1. Moldova $0.270 Billion ($270 Million)

  2. Black Market Crime in Moldova

Moldova Security Threats

Data and information about security threats from Moldova’s black market. Intelligence and security information collected from government agencies, news articles and other public data sources.

Security agents with the Interior Ministry in Russia arrested a Moldovan woman who was attempting to sell 4 women in central Moscow. According to the police, the woman was selling the women for $2,865 (100,000 Russian Ruble) each.

The young women from Moldova who were rescued were between the ages of 18 and 20. They each answered advertisements posted online that were offering high-paying jobs which did not exist. Once the woman were lured, their passports were taken and they were forced into prostitution.

(See all human trafficking statistics here.)

Source:  “Moldovan Arrested for Trying to Sell Young Women into Prostitution,” Moscow Times, May 29, 2014.

According to news reports, the price of a kidney sold on the black market in India is around $1,000 (55,000 Indian Rupees). In India, the prison term for illegally selling a kidney is five years in prison.

In Romania and Moldova, the price to purchase a black market kidney is $2,700. In Turkey, the price of the kidney goes up to $10,000.

See more organ trafficking prices on the black market.

Source:  Peter Hummel, “Kidneys on special offer,” Deutsche Welle, July 31, 2012.

70 percent of women between the ages of 15 to 25 in Moldova reportedly have had sex at least once in their lifetime for money, according to a opinion survey in 2012.

Moldova is considered to be the main source of women to fill the supply of prostitutes in Europe.

Source:  “Moldova Moves to Punish Prostitution Clients,” RIA Novosti, June 9, 2012.


Custom officials in Ukraine seized over 120 million cigarettes that were being smuggled into the country in 2011. Officials report that 90 percent of the smuggled cigarettes seized was produced in Moldova.

Between 15 to 20 percent of all tobacco smoked in Ukraine were purchased illegally on the black market, causing a tax loss of $2 Billion per year.

Source: “Ukraine customs see growth in tobacco products smuggling<,” Focus News, April 26, 2012.

The rate of cigarette smuggling in Romania decreased to 11.8 percent in September 2011, down from the 15.7 percent reported in the early summer of 2011. Tobacco smuggling is still down from the previous high of 30 percent in 2010.

According to criminal justice officials, the cigarettes that are smuggled into Romania originate from neighboring countries such as Moldova, Serbia and Ukraine.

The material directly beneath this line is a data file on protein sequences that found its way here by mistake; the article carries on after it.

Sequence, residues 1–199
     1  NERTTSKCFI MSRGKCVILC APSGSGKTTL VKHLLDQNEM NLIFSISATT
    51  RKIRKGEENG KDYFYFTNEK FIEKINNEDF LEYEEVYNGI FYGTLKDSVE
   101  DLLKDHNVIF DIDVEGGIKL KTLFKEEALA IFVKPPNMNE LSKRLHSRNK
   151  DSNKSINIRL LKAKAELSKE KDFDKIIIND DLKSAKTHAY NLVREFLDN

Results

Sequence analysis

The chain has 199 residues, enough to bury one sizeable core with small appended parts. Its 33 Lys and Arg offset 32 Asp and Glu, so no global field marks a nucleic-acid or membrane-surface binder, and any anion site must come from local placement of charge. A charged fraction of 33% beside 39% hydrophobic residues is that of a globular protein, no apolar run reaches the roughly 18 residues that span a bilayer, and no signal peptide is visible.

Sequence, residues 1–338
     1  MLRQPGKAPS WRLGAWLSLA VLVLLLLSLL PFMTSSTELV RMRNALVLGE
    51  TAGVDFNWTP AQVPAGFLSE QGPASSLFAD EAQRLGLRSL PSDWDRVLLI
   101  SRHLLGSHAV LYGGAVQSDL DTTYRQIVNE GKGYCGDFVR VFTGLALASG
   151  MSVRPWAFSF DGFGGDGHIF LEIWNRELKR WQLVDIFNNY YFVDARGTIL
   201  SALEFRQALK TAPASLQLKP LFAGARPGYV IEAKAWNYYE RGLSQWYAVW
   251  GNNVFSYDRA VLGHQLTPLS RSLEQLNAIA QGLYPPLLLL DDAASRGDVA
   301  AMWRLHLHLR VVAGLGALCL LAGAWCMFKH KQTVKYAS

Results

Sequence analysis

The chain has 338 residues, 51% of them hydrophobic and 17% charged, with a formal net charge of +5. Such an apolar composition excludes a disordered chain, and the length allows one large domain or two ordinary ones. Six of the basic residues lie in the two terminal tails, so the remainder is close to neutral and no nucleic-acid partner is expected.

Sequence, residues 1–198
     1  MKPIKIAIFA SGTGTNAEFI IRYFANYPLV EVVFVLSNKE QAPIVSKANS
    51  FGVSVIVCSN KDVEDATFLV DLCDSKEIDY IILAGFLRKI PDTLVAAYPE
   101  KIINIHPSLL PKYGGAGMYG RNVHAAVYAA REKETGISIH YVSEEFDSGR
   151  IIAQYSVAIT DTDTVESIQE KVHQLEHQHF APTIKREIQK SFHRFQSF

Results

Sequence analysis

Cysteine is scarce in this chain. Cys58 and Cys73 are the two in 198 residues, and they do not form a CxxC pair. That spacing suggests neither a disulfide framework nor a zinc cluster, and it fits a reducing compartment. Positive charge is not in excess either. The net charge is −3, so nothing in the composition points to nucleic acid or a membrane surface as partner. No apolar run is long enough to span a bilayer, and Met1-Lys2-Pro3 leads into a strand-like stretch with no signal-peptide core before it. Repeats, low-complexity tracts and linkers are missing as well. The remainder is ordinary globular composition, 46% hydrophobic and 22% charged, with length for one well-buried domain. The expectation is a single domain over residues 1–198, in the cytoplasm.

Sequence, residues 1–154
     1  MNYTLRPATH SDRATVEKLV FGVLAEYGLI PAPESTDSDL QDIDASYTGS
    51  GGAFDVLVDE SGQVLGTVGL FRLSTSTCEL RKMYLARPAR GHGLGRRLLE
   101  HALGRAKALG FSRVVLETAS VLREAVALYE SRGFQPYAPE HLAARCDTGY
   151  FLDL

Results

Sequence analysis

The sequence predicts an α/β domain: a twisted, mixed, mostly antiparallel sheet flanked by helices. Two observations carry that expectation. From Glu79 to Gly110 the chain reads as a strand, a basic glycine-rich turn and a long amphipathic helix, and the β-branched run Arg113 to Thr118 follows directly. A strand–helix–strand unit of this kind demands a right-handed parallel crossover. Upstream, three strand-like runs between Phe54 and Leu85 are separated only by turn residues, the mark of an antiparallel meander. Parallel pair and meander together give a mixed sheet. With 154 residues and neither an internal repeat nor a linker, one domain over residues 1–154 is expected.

Source: Otilia Haraga, “Tobacco excise tax collection totals EUR 1.27bln after Q3. Cigarette smuggling declines,” Business Review, October 11, 2011.

The number of official human trafficking investigations in Moldova conducted by the government was 140 in 2010, down from the 245 in 2007. Non-governmental organizations and the United States Department of State claim that the figure is extremely low.

There were 47 convicted sex traffickers in Moldova in 2010, with 16 receiving suspended sentences or fines and did not serve any time in jail.

Source: Grigore Brinza, “The Changing Face of Trafficking in Moldova,” Transitions Online, October 6, 2011.

A nuclear smuggling gang in Moldova offered an undercover group of police officers 9 kilograms of highly enriched uranium for $31 Million. Around 27 kilograms of highly enriched uranium is needed to make a “dirty bomb”.

Source: Nick Amies, “US concerns over nuclear smuggling between Europe, North Africa,” Deutsche Welle, October 5, 2011.

1 percent of women between the ages of 18 to 40 in Moldova left the country between 1998 and 2008 to work in the prostitution industry in Italy.

Source: E. Benjamin Skinner, A Crime So Monstrous: Face-to-Face with Modern Slavery, (New York: Free Press, 2008), page 164.

An estimated 400,000 women from Moldova fell victim to human trafficking between 1991 and 2008.

(Additional human trafficking statistics and stories.)

Source:  E. Benjamin Skinner, A Crime So Monstrous: Face-to-Face with Modern Slavery, (New York: Free Press, 2008), page 156.

Eight out of ten human trafficking cases involving women from Moldova involved false jobs promises.

Source:  Siddarth Kara, Sex Trafficking: Inside the Business of Modern Slavery, (New York: Colombia University Press, 2009), page 108-109.